Can Germany overcome issues to write themselves into Euro history?
Germany will face Ukraine, Poland and Northern Ireland in Group C. Here's a look at their squad and how they will fare at Euro 2016.
At a glance
The 2014 World Cup winners want to follow in Spain's footsteps and take the continental crown as well, but it's not going to be easy.
Germany fans usually expect the worst and doubts have played a major role in the buildup to every tournament. Will Die Mannschaft have enough quality? Will all the key players be fit? Did they have enough time to train with the complete squad?
This time around, though, the feeling has been amplified by several injuries, as well as the fact that the side have not kept a clean sheet in their last nine matches. The mediocre performances since the 2014 World Cup add to it too. It's a tournament between tournaments, Joachim Low has said in the past. And it certainly feels like it. The old guard is either gone -- Philipp Lahm, Miroslav Klose and Per Mertesacker -- or is struggling -- Bastian Schweinsteiger and Lukas Podolski -- for form or fitness.
The national team have also not profited from general manager Oliver Bierhoff's excessive marketing efforts and the rising of ticket prices. These days, home games are rarely sold out. Efforts from right-wing parties to divide the country, however, have been unsuccessful. Jerome Boateng, Sami Khedira, Mesut Ozil, Shkodran Mustafi, Emre Can, Antonio Rudiger all represent a multi-cultural Germany as the national team looks to write themselves into history this summer.
Toni Kroos. While Thomas Muller might be the obvious choice, the Real Madrid midfielder will be the central player for Germany. Fellow holding midfielder Khedira will go into the tournament without a competitive match since late April, after suffering injury with Juventus, and captain Schweinsteiger has been struggling with fitness issues throughout the year for Manchester United. Youngsters Julian Weigl and Joshua Kimmich are too inexperienced.
Kroos, the only player born in the German Democratic Republic to ever lift the World Cup, will need to carry the team through the group stages. He is the best footballer in Low's squad, and is the strategist who will set the pace of the game. "In the end it's like that: The more I possess the ball, the more dominant we play, and the more often we win," he recently said. The midfielder even scores goals himself and his shooting technique is as good as his passing.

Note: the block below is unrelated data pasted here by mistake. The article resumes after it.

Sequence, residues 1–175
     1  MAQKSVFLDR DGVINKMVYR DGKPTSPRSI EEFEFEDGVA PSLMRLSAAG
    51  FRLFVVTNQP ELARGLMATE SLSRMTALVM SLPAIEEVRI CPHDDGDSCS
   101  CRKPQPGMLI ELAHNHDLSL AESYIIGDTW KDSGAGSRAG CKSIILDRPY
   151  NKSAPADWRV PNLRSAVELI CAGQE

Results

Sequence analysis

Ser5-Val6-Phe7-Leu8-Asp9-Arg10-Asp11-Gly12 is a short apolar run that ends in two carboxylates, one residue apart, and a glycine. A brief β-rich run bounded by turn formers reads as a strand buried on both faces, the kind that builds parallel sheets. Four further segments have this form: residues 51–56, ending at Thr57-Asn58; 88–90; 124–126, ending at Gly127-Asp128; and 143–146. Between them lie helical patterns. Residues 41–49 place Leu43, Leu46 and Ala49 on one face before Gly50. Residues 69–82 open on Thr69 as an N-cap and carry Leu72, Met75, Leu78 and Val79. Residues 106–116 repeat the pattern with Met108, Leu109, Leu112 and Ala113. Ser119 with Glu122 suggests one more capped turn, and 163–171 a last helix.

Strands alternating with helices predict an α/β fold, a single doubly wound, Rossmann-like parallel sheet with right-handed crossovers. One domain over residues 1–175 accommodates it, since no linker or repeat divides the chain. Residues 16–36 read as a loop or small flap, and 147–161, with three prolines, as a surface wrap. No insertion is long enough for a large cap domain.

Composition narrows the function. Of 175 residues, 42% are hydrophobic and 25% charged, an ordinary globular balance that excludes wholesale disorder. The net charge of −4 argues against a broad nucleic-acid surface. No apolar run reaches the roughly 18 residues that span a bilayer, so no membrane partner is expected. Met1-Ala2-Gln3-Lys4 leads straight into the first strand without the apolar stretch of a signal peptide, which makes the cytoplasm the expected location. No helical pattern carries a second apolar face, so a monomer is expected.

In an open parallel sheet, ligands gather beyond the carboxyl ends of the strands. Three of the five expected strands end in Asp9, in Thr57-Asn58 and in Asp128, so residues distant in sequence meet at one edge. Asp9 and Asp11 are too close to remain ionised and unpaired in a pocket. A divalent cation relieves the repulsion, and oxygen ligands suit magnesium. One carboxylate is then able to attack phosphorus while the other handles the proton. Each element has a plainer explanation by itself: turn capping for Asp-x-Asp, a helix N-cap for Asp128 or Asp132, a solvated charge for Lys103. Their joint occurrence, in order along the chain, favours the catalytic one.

Injuries have already stopped Ilkay Gundogan and Marco Reus, and they could still stand in the way of Schweinsteiger and Mats Hummels. The captain resumed training with the ball towards the end of the training camp in Switzerland, while the new Bayern centre-back is still nursing a calf injury and could miss the opening game.
Germany have lacked a real goal scorer since Klose retired; they were outscored by Poland in their qualification group and only struck two more goals than Scotland. Eleven of their 24 goals came from the two matches against European minnows Gibraltar. Low has brought back Mario Gomez, the Turkish Super Lig's top scorer in 2015-16; Muller has regularly found the back of the net for Bayern Munich this season while Andre Schurrle hit nine in Bundesliga for Wolfsburg. But it still feels like something is missing up front despite the presence of Podolski.
The full-back positions have also been a problem for Germany in the past, and Low is likely to either use a non-specialist like Benedikt Howedes, Can or Mustafi. He also may move tactical formations between a 3-4-3 or 3-5-2 system.
Germany have reached at least the semifinal stages of their last five tournaments and won the 2014 World Cup so should walk into the quarterfinals, and also one step further.
Anything but the last four would be a major disappointment for the Nationalmannschaft. But that's where the journey for Germany should end in 2016.
Stephan Uersfeld is the Germany correspondent for ESPN FC. Follow him on Twitter @uersfeld.